PHIL 393

The Cognitive Foundations of Morality and Religion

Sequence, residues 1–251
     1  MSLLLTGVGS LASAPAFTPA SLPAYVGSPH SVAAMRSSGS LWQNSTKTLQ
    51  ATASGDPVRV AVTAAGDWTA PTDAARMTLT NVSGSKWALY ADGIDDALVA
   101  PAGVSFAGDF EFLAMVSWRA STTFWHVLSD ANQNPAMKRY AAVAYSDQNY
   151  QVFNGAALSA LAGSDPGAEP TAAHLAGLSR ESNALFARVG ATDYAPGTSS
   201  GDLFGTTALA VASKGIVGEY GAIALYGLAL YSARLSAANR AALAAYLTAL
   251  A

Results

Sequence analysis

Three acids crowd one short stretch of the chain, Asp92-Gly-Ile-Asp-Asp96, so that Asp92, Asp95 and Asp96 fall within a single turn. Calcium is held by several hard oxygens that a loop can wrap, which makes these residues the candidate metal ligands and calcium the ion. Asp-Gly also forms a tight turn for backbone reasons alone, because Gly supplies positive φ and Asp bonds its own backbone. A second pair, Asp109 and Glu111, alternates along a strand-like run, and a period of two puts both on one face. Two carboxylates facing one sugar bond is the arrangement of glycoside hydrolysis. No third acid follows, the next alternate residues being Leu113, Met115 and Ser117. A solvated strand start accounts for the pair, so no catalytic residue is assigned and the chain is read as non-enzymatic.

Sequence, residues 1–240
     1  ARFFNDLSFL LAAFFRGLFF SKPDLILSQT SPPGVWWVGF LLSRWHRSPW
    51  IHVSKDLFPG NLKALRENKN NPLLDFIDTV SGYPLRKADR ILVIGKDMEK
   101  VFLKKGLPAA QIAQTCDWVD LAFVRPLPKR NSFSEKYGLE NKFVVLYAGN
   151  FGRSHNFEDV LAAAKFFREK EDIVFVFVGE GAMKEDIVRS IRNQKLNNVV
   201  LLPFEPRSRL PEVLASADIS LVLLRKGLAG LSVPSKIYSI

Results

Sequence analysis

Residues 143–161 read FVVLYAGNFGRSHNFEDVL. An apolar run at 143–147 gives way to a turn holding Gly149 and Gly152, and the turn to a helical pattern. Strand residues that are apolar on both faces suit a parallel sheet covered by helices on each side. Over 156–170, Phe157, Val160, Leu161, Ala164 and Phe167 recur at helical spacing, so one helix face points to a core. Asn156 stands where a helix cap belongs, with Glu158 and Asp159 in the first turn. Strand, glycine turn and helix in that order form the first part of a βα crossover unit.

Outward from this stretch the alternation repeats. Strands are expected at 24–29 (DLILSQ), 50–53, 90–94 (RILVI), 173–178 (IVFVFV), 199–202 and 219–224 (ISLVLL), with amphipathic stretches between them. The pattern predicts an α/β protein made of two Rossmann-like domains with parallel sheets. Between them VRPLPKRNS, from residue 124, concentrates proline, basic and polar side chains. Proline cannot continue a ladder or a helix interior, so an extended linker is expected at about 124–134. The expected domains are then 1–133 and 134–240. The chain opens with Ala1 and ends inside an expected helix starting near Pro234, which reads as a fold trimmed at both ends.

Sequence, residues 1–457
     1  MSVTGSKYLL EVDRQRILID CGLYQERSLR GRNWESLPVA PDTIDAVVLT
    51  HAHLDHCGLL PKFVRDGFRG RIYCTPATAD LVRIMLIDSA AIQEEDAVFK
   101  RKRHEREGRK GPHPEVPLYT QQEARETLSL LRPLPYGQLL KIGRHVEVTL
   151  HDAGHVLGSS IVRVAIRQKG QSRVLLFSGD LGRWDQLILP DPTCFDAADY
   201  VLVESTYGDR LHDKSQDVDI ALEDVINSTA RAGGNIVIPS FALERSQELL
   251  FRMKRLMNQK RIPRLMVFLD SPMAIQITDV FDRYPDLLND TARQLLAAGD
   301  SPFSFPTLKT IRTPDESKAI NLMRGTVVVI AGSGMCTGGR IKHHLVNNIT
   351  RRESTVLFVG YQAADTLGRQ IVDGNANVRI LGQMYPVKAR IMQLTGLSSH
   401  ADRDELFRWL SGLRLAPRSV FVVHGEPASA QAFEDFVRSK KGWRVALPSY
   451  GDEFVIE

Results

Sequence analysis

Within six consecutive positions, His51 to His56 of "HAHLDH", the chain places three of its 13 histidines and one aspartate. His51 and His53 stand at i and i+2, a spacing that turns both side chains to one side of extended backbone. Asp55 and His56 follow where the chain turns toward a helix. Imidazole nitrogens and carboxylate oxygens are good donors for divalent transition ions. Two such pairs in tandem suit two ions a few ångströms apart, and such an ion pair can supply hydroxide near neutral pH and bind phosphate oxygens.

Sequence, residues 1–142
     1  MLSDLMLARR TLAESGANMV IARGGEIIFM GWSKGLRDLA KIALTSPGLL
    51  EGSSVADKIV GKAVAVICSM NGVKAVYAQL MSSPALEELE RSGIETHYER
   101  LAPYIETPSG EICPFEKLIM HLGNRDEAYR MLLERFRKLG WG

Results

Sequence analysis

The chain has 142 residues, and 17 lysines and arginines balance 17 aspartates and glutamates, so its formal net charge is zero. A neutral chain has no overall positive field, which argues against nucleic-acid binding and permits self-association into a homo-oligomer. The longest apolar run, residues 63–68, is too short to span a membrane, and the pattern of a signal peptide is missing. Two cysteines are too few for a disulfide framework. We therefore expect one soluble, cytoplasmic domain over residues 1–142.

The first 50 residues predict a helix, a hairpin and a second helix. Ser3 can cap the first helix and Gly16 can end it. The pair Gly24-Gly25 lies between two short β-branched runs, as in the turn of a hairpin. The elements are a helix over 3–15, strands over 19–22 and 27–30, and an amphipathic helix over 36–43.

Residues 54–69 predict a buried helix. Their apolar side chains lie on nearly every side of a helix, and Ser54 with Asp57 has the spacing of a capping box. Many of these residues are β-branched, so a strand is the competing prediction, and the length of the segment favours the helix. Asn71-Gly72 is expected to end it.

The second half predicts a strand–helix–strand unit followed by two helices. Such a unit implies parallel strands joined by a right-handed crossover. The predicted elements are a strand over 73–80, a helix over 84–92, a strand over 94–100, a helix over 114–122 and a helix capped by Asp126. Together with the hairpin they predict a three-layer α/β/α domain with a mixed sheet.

Cognitive science is the interdisciplinary study of the mind that exists at the intersection of philosophy, psychology, neuroscience, evolutionary biology, and anthropology among other fields. There are now burgeoning research programs devoted to developing accounts of the cognitive foundations of morality and religion. This is an upper level survey of some of the leading views from these fields. Topics to be covered may include: the role of emotions and reason in moral deliberation; the nature of our moral intuitions; whether the scientific study of the mind can help us decide between competing moral theories; whether cognitive scientific accounts of moral psychology show morality to be a sham; the elements of mind involved in the formation of religious belief; whether religion is a kind of evolutionary byproduct; whether religion is a part of human nature; and whether scientific accounts of the cognitive foundations of religion show religious beliefs to be irrational.